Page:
Designing a product page with WordPress

Screenshot of the Pro WP Plugin Development product page

As most of my readers are aware, I co-authored Professional WordPress Plugin Development with Brad Williams and Ozh Richard. We decided against making a dedicated Web site for the book because it would eat into our time doing cool stuff with WordPress. Instead, we decided to market the book through our own sites and communities we’re involved in.

I wanted to do something special on this site for the book. Our decision provided a great opportunity for me to apply a couple of chapters from the book in a real-world scenario.

In this post, I’ll cover how I created a product page for Pro WP Plugin Development. This was my first real step into this area of Web design, so this is just as much as learning experience for me as it will be for you.

The rules

Before designing the page, I had a few restrictions I wanted to enforce. These rules were put in place to make creating and updating the product page as simple as possible. Basically, I didn’t want to set myself up for a ton of work in the future.

  • The HTML for my regular WordPress theme header and footer must be used. Any custom HTML can only be located within the post content.
  • I could not use a custom page template as this might require future updating if I changed themes.
  • Book testimonials and reviews must be easy to update when I wanted to add new ones.
  • The URL for the page must be short and easy to remember. You know, so folks can easily share it via Twitter.

Creating the design

I cracked open my copy of Photoshop and went to work. The tough part was fitting tons of information onto a single page in an easy-to-absorb manner. It’s easy to go overboard, but I had to limit myself to selling the product. I decided on a three-column design that worked out well for the information I wanted to have on the page.

I won’t walk you through the steps of laying out a page in Photoshop, but I will provide you with a few tips I learned along the way while designing the page.

  • What are you selling? Make sure actually tell the reader what the product is. Yes, this seems like a no-brainer, but I saw several product pages while researching that didn't tell me anything about the product.
  • Call to action: The call to action should be noticeable. I created a big, orange "Buy Now" button. I'm hoping that grabs a few people's attention.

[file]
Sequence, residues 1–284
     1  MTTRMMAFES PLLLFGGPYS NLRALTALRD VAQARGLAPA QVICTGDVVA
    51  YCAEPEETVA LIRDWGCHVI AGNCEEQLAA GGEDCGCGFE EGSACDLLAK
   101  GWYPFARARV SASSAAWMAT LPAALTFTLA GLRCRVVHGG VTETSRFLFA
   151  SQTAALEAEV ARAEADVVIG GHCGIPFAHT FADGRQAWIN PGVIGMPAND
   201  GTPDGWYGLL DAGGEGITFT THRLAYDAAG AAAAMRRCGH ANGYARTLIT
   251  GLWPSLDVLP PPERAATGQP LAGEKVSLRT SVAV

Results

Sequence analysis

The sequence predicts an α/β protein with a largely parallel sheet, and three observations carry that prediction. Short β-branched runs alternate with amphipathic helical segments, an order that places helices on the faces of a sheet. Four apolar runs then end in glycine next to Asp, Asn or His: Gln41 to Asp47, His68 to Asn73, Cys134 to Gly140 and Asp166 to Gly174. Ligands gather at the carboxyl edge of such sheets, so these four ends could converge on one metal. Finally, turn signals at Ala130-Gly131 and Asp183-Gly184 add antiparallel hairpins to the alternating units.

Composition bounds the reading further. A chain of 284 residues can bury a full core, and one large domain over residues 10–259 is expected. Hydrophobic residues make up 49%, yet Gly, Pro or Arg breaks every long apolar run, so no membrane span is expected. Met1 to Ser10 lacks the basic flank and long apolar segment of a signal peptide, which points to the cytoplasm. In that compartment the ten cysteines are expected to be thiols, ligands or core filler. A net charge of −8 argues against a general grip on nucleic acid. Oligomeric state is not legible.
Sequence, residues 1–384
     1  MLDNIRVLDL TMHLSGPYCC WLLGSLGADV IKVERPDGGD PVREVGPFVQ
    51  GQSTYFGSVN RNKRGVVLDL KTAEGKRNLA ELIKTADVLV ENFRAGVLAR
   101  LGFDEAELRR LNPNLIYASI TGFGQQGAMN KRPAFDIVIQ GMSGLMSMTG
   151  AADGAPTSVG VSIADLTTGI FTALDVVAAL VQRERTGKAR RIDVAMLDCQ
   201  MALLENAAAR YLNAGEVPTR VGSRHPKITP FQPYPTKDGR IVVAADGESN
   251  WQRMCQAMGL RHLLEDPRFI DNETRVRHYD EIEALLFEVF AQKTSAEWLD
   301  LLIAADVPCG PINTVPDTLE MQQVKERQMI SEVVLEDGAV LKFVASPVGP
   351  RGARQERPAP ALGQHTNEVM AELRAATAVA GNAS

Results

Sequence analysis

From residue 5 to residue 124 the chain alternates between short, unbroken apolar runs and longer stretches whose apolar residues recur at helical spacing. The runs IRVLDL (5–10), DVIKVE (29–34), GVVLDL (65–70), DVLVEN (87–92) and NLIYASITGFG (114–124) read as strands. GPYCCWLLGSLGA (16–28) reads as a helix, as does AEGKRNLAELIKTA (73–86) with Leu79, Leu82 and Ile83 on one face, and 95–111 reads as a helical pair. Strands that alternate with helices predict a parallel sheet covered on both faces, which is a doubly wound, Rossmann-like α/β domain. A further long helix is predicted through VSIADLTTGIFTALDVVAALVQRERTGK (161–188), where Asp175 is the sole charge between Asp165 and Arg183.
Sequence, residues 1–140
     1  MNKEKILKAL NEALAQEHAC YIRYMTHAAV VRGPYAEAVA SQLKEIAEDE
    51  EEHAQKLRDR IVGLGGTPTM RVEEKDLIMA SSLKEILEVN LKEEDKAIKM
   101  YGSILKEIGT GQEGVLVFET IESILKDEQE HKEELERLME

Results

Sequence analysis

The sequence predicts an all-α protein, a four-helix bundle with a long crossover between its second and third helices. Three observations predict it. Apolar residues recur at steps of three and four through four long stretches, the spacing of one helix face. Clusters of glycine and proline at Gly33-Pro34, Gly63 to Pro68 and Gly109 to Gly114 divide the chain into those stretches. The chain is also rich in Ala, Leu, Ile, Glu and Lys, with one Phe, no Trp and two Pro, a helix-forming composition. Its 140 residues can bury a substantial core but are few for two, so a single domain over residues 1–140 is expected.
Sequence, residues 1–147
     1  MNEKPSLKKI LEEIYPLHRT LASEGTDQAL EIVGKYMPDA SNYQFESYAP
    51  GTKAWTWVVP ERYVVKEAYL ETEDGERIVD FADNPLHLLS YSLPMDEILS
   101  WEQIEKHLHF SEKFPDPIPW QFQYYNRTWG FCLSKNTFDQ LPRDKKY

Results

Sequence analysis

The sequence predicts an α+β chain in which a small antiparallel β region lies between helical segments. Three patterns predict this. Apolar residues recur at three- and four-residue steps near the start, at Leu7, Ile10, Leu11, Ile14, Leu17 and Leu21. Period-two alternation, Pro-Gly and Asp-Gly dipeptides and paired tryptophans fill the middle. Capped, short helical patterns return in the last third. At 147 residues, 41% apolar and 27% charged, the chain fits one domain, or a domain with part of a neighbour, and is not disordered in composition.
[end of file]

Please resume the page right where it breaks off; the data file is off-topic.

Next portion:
• Screenshot: Provide a screenshot of the product. This is the first thing I placed on the page.
  • Options: Give the buyer some options if you can. I listed several prominent online stores to purchase the book.
  • Product feedback: Provide user feedback. I used a combination of testimonials and photos that people have shared.
  • KISS: Keep the main information short and sweet. I wrote a couple of short paragraphs about the book near the top of the page. I added more detailed information later for readers that wanted to know more.

A marketing expert could probably provide 1,001 techniques that are better than this, but I wanted my page to represent my personal style and what I think a good product page would look like.

Creating the page in WordPress

Once I finished mocking up the initial design in Photoshop, I had to create the page on the site. Remember, I had a few rules I was forcing myself to follow, so I had to think outside the box a little.

The first step was to create the HTML and CSS for the page. The HTML was simply added to the WordPress post editor.

Screenshot of the post layout and stylesheet meta boxes

Since I wasn’t creating a custom template, I needed a way to disable my sidebar. Luckily, the Hybrid Core framework (used here and in all my themes) provides a feature called “Theme Layouts.” This feature allowed me to select a one-column layout for the page, disabling my sidebar. With a quick click of the mouse from the post editing screen, it was taken care of.

I needed my CSS to load only on the product page. Therefore, I needed to replace my normal theme’s style.css file with a custom one. Once again, the Hybrid Core framework came to the rescue with its “Post Stylesheets” feature, which allowed me to simply type the name of the custom stylesheet while on the post editing screen.

That’s all there was to creating the page. The custom HTML was handled entirely in the post editor, which required nothing more than a few <div> elements for the columns.

Making use of the product

Admin screenshot of the testimonials post type

I did mention that I used some techniques from the book, right? I used two features that had entire chapters dedicated to them.

  • Chapter 6: Extending Posts: I created a custom post type called testimonial to allow me to easily add new testimonials. I also added the post_tag taxonomy to it and made use of a custom metadata. I managed to use all three major sections of the chapter: post types, taxonomies, and metadata.
  • Chapter 10: The Shortcode API: I created a custom shortcode called [testimonials-plugindevbook], which displays 10 random testimonials tagged with "Pro WP Plugin Development."

My product page was done

I’m sure many of you were looking for a full-blown code tutorial, but I wanted to share my experience with you rather than a bunch of code. I wanted to provide a look at the other side of the development process that I go through every day: planning. The code is the easy part. The tough part is laying out the structure of the entire project.

I hope this article gives you a few ideas for your upcoming projects. Feel free to leave your experiences about product-page design in the comments.